t'oived. He denounced the water com
pany for its selfiph attitude and corrup
tion methods and for unwarranted
and untruthful attacks upon Warren Ol
ney. He was enthusiastically applauded.
Mr. Elliott said:
the Niles Cone. Do you know that the Nll»s
Cone M>pj>lles half of Oakland, bpsklfs supply
ing San Francisco with l.'.OOO.fiOO gallons a
day? We need a clioap supply of water and we
will got it, and it won't cost as much as bread,
I am glad the time has come when we can
look beyond and see the prospect of a munici
pal water supply. The Contra Costa corpora
tion is now furnishing us with the cheapest
kind of water— that is. In quality. It is not fit
to drink. It is Improperly filtered, and Dingce
doeim # t care whether it is or not.
The system is inadequate for fire protection.
We don't want Its plant. , It Is worn out and
antiquated. We want nrst*to find a good sup
ply and then build a system that amounts to
something. We want to go carefully, too, for
tf we don't the Contra Costa Company will be
buying, up all the available supplies. It d"td
that when tnme engineer suggested buying the
Pinole source. I am glad that when the com
mittee of five selected the Nllcs Cone for a
supply It took the precaution to get options on
Home properties. There's lots of water there.
Krom water company .sources there is ridicule
for the committee of live for recommending
R. H. E. Espey, candidate for City^At
torney, said In part:
NOT FIT TO DRINK.
The meeting was the first held by the
Municipal League In the Second Ward,
"en O. Johnson, one of the active men
of the ward, was chairman and called
the meeting to order and made a brief
Introductory speech. The Bpeechmaklng
found its inspiration In- the 'demand for
clean government, freed from the domina
tion of the Contra Costa Water Company.
The vice presidents were George W. Dor
nin,' J. A. Morrow, Mark Thomas, A. H.
Pratt, E. H. Lake, C. K. Marshall, R.
B. Gaylord, John Gilbertson, J. E. Far
num, Maurice J. Hyde, F. W. Gartner,
O. L. Knowles, Montell Taylor, N. P. J.
Herby, H. E. Wharton. Enoch Hughes,
M. K. Miller and H. J. Lackey.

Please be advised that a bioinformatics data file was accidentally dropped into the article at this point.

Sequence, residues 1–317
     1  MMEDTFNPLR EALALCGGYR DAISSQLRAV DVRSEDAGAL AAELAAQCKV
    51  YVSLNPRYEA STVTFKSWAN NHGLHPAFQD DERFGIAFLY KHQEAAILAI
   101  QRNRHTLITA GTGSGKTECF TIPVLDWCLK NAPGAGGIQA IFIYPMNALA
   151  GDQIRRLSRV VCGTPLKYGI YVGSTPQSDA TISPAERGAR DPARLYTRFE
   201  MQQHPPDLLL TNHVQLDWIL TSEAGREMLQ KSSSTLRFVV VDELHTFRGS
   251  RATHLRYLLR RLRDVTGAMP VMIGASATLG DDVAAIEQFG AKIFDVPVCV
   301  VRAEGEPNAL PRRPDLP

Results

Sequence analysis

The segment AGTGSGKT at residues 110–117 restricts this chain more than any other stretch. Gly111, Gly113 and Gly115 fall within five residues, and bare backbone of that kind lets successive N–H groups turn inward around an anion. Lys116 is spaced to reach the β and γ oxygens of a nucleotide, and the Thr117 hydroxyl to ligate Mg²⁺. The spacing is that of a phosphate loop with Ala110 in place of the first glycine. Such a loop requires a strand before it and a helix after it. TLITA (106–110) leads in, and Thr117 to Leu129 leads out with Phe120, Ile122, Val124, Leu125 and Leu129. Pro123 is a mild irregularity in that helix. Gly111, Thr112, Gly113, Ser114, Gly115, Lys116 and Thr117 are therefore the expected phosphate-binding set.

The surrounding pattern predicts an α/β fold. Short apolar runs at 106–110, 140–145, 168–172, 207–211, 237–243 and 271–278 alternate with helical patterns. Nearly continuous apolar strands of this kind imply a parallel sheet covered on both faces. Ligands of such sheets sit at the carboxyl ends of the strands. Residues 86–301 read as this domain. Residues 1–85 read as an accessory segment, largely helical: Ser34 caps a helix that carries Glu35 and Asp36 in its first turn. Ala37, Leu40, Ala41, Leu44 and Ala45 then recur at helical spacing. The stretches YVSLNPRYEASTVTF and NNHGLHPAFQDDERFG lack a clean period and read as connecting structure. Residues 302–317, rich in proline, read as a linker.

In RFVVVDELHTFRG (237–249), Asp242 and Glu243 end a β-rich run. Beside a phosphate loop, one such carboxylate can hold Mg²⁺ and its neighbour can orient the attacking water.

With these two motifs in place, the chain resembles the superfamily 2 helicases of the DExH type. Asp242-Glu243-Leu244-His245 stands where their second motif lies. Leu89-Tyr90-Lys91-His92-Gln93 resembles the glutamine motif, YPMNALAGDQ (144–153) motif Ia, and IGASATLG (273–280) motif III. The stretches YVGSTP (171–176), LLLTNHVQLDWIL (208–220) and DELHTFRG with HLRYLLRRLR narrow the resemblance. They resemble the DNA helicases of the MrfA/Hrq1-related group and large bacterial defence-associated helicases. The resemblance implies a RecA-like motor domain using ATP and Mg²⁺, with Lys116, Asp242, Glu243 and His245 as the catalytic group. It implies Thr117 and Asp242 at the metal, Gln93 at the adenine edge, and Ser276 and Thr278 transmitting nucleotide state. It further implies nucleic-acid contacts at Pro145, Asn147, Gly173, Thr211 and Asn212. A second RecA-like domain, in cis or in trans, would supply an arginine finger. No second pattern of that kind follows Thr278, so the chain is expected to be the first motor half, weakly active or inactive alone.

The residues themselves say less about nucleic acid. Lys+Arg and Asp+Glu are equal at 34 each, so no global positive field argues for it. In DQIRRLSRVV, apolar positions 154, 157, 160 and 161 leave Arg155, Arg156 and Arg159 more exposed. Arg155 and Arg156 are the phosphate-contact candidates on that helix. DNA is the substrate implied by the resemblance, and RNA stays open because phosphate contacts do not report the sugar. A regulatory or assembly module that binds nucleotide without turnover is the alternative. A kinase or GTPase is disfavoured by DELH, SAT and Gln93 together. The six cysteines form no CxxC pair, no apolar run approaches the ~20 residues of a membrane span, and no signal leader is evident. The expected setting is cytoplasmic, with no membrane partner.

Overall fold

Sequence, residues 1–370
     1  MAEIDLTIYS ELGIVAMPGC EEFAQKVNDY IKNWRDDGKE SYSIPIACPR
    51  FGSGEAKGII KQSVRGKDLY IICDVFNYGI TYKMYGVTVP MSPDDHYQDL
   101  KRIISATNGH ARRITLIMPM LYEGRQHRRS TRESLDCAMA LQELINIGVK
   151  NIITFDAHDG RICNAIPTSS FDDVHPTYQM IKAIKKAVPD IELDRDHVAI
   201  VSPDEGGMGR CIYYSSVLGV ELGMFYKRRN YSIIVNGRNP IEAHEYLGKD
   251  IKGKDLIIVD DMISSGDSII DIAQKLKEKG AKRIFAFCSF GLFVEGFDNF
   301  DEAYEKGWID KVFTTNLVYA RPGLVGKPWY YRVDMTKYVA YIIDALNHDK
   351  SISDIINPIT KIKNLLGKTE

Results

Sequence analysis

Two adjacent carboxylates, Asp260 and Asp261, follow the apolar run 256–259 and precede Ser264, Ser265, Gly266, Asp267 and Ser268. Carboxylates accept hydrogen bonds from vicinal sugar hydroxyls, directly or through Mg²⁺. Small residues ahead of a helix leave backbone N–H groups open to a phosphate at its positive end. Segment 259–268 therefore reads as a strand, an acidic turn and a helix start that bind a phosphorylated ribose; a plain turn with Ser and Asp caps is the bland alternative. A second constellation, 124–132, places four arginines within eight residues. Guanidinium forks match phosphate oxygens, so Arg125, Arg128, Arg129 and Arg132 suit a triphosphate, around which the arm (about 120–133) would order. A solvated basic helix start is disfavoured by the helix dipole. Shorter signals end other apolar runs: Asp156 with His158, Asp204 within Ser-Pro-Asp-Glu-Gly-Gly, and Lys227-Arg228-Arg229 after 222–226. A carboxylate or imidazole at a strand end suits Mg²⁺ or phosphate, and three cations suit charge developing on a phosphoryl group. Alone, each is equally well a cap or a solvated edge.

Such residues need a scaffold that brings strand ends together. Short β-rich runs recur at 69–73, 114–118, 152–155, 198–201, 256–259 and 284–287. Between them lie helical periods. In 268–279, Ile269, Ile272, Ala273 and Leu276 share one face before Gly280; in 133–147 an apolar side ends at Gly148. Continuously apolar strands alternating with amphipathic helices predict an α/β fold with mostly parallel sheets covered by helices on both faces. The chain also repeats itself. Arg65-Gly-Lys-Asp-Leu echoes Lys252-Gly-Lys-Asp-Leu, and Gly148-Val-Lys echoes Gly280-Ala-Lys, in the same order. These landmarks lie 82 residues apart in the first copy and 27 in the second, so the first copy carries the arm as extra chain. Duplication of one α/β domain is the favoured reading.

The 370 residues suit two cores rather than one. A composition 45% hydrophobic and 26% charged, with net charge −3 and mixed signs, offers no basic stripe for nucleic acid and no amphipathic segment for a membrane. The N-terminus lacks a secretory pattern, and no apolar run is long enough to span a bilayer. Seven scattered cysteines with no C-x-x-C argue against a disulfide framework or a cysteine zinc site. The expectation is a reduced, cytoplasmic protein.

You all know the subsequent history — that
the people of Oakland by private subscription
raised the sum of nearly $5000 to pay the nec
essary expenses, and then more than 1500 tax
payers Blgned a petition to the committee to
go ahead with its investigations. That com
mittee has made a report, and It is before
you, and you know from it that there is an
abundant eupply of water accessible to Oak
land which may be obtained and that we are
under no necessity of buyinr the Contra Costa
Water Company's plant unless we can cct it at
reasonable and fair terms.
ABUNDANT WATER SUPPLY.
Do you nuppo*e that the water supply com
mittee would have been dismissed if the powers
that be had not become convinced that the
committee really intended to perform its duty
and make a genuine investigation? Do you
believe that committee would have been dis
missed if the powers that be had felt satisfied
that the committee could not find any other
source of water eupply sav* that furnislred by
the Contra Costa Water Company? In other
words, if thpre had been any confidence felt
that there was not at hand as good or a better
supply than that furnished by the Contra Costa
Water Company, the money to make the in
vestigation would have been supplied to the
committee by the City Council. No. it was be
cause It was* felt that there were other sources
of supply and that the committee would so re
port that summary action was taken to remove
thl* committee and prevent It from making an
BLAMES WATEH COMPANY.
"Whenever you hear a proposition that the
matter of the valuation of the Contra Costa
Water Company's plant should tx* submitted
to a board of ensinftr* and the city of Oak
land should buy the plant you may be gurft
that that idea came originally from the water
company. The party who mak?s it may not
be a conscioris Instrument of that corporation,
but all the same the idea comes from it. You
know It is an old proverb not to do what your